REM, Around the Sun

The creation of a 10th symphony has been an impassable goal for classical composers. Beethoven feared for his life after completion of his ninth, and despite his vain efforts to the contrary (not numbering his eighth work), Mahler passed away during work on his 10th. While this effect is not as pronounced in pop music, it’s difficult to think of an artist who can remain consistently relevant after such a string of releases. It seems like more than a coincidence, then, that many consider R.E.M.’s 10th album, Automatic For The People, to be the beginning of the band’s long descent into mediocrity.

Around The Sun, R.E.M.’s 15th full-length, is easily the worst album R.E.M. has put out in their extensive career. Every tune is a bomb. Some mindlessly dry, vaguely political, bullshit served up with western guitars? Andrew Lloyd Webber piano-pounders? Slow-motion flamenco riffs? Embarrassing song titles? It’s all there, folks. Not only does Michael Stipe trip on single “Leaving New York” with the cringe-worthy lyric “Leaving was never my proud” (not a typo), he had the chutzpa (or disillusionment) to brag about his “creative use of words” in a recent interview. The stately Q-Tip (A Tribe Called Quest) guests on “The Outsiders” in an attempt to recapture the magic that occurred from KRS-One’s drop-in on “Radio Song” so many years ago. Though Stipe manages to create the atmosphere of Dalian surrealism his best lyrics induce, Q-Tip’s verse presents usually resilient hip hop as an art in its middle age, subject to the same excesses, confusions and temptations as R.E.M.’s fragile pop-rock. Whereas “Radio Song” was funky and subversive, “The Outsiders” is insular without intellectuality, maudlin without knowing why. Listening to the track gave me the firm impression that the music I once treasured is utterly dated.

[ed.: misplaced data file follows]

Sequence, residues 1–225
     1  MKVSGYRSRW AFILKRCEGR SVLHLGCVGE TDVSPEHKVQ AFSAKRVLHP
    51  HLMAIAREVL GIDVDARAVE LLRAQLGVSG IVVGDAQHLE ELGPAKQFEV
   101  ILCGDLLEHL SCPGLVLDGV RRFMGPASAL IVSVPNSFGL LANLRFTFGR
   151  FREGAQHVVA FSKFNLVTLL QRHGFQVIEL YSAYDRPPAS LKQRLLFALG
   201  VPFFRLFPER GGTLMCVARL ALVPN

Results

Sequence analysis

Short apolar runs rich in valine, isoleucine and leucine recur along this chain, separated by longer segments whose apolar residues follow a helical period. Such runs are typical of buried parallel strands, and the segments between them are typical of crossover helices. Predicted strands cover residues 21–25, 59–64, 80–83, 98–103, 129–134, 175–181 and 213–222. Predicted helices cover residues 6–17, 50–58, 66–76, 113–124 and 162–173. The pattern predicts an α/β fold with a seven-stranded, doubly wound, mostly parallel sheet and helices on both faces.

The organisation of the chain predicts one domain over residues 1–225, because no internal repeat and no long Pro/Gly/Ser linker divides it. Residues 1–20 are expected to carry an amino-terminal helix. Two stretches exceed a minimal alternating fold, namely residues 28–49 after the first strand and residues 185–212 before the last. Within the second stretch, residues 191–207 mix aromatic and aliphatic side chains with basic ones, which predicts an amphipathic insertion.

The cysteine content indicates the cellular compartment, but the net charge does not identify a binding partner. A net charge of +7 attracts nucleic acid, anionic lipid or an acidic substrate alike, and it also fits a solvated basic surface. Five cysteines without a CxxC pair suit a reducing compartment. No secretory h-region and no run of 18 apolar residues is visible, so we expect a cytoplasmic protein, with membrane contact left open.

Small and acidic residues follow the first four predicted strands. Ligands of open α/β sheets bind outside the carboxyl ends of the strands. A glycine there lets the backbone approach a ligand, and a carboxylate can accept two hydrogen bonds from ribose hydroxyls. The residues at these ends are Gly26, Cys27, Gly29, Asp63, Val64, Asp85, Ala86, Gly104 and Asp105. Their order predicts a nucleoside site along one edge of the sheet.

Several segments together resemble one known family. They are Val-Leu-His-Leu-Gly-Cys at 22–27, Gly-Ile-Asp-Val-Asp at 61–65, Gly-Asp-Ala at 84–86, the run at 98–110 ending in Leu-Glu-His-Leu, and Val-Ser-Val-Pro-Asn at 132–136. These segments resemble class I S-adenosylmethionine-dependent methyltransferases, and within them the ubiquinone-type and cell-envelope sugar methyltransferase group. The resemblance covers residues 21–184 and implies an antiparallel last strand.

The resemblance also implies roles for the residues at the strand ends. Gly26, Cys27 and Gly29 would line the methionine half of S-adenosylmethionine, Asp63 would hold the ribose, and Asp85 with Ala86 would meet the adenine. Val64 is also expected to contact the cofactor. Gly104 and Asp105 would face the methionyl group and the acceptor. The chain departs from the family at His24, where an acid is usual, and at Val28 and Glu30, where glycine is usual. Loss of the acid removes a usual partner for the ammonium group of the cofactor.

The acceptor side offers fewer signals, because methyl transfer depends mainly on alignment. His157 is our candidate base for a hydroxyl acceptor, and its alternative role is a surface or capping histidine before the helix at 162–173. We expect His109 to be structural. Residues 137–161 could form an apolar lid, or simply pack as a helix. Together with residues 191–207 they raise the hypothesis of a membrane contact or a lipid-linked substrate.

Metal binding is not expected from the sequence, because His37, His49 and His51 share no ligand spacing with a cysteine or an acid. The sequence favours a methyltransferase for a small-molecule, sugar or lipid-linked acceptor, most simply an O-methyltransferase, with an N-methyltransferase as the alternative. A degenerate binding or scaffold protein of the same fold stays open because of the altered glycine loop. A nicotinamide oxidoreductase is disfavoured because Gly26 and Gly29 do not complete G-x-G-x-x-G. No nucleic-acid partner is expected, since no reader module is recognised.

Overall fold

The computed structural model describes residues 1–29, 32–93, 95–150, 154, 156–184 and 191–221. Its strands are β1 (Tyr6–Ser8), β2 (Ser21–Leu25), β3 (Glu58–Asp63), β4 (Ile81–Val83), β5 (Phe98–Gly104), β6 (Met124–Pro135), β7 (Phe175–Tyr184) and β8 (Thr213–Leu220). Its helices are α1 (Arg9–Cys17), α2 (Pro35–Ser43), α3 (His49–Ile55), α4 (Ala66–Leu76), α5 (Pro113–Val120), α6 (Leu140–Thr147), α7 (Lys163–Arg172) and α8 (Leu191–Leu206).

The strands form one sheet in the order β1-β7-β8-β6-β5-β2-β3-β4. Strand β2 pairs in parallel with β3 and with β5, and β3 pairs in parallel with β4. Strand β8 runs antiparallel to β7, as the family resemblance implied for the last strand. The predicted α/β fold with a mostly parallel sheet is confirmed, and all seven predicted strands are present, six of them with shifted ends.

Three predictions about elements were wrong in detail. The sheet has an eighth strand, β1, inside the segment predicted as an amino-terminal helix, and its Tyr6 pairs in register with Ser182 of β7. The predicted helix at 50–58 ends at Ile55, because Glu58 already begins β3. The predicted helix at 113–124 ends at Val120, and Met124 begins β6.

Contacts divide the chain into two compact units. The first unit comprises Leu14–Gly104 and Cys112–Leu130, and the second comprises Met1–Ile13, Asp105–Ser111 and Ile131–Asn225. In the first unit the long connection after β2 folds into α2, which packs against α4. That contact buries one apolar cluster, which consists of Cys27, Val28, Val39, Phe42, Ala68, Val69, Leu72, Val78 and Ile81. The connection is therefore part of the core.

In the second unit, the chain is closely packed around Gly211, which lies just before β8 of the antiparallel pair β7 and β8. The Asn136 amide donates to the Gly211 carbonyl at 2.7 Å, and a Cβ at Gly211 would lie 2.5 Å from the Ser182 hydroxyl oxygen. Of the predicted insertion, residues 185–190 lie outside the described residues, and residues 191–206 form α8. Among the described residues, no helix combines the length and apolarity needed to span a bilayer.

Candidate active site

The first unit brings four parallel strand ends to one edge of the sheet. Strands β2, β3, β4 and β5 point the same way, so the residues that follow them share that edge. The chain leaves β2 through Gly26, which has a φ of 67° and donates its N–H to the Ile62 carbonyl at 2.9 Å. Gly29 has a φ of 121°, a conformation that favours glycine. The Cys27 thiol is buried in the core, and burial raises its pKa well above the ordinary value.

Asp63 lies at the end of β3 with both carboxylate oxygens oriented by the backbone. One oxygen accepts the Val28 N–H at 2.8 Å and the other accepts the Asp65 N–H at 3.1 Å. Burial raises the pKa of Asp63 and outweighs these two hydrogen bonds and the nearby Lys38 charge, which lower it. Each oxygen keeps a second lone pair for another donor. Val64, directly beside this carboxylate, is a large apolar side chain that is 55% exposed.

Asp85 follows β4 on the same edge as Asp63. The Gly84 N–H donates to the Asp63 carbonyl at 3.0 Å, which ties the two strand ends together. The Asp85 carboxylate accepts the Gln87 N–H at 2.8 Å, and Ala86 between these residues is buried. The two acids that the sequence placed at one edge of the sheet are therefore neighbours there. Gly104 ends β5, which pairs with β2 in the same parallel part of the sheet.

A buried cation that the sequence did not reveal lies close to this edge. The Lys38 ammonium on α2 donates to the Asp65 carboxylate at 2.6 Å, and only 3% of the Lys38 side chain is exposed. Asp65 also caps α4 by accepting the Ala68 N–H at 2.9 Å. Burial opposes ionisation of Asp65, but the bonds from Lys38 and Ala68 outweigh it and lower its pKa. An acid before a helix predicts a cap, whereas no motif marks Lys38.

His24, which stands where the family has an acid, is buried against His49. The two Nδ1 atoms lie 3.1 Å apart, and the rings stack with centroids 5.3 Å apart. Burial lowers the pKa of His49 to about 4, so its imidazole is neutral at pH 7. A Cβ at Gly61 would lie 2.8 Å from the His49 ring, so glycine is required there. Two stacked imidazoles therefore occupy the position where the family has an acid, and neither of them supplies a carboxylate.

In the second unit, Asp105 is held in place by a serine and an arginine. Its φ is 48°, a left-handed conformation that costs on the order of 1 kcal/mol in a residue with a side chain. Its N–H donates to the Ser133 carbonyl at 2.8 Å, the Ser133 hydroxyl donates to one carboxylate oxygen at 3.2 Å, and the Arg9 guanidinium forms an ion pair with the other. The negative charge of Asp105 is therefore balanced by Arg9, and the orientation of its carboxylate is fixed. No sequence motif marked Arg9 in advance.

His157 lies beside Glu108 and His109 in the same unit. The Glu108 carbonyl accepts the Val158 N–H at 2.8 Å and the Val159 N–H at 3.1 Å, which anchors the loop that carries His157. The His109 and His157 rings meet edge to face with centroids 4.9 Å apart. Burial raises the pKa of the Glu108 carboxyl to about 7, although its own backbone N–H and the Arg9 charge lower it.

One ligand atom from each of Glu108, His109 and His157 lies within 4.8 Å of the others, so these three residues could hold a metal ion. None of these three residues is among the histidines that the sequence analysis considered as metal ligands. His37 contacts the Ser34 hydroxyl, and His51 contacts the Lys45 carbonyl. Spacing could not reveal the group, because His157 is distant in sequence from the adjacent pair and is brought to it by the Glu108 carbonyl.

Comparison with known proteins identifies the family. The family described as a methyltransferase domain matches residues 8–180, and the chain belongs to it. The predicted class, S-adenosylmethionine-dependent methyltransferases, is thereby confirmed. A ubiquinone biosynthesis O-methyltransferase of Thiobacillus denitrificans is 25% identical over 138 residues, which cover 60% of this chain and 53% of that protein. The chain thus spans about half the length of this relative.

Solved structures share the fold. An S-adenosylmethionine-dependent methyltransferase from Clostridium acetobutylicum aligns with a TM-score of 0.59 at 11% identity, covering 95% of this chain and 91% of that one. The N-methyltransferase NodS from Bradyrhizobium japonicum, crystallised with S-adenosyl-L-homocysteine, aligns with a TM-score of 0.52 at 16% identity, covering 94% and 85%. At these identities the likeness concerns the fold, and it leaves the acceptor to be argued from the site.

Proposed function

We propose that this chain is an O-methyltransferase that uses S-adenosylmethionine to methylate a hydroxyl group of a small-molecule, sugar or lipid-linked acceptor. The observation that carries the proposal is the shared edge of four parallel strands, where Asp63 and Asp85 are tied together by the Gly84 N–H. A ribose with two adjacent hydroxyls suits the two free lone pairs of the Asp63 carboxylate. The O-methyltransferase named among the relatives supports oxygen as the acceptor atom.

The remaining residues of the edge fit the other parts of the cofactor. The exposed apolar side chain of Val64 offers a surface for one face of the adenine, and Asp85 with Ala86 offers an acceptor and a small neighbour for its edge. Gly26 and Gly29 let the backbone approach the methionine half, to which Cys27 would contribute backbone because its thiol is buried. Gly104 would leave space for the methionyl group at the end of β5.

More criminal is the absence of what made R.E.M. so damn awesome throughout the ’80s. The hub-tone rhythms and jangly guitars have fled for better weather since the departure of original drummer Bill Berry, but it’s a shame that Stipe’s arching voice is limited to one narrow octave. Mike Mills, who once contributed plenty of optimistic harmony, is nowhere to be heard, nor does multi-instrumentalist-cum-stewardess-beater Peter Buck contribute his considerable shaping abilities to the mix. It’s as if no one told the producer that Stipe had a backing band, or knew how to do anything but sing in a low, creepy voice; then again, perhaps he’s forgotten himself, having brainwashed the band’s decline into a demented sort of “reinvention.” Or, perhaps the album is calculated to appeal to those with bland tastes-a booming market in America these days. On these terms alone could Around the Sun ever be called a success.

Leave a Reply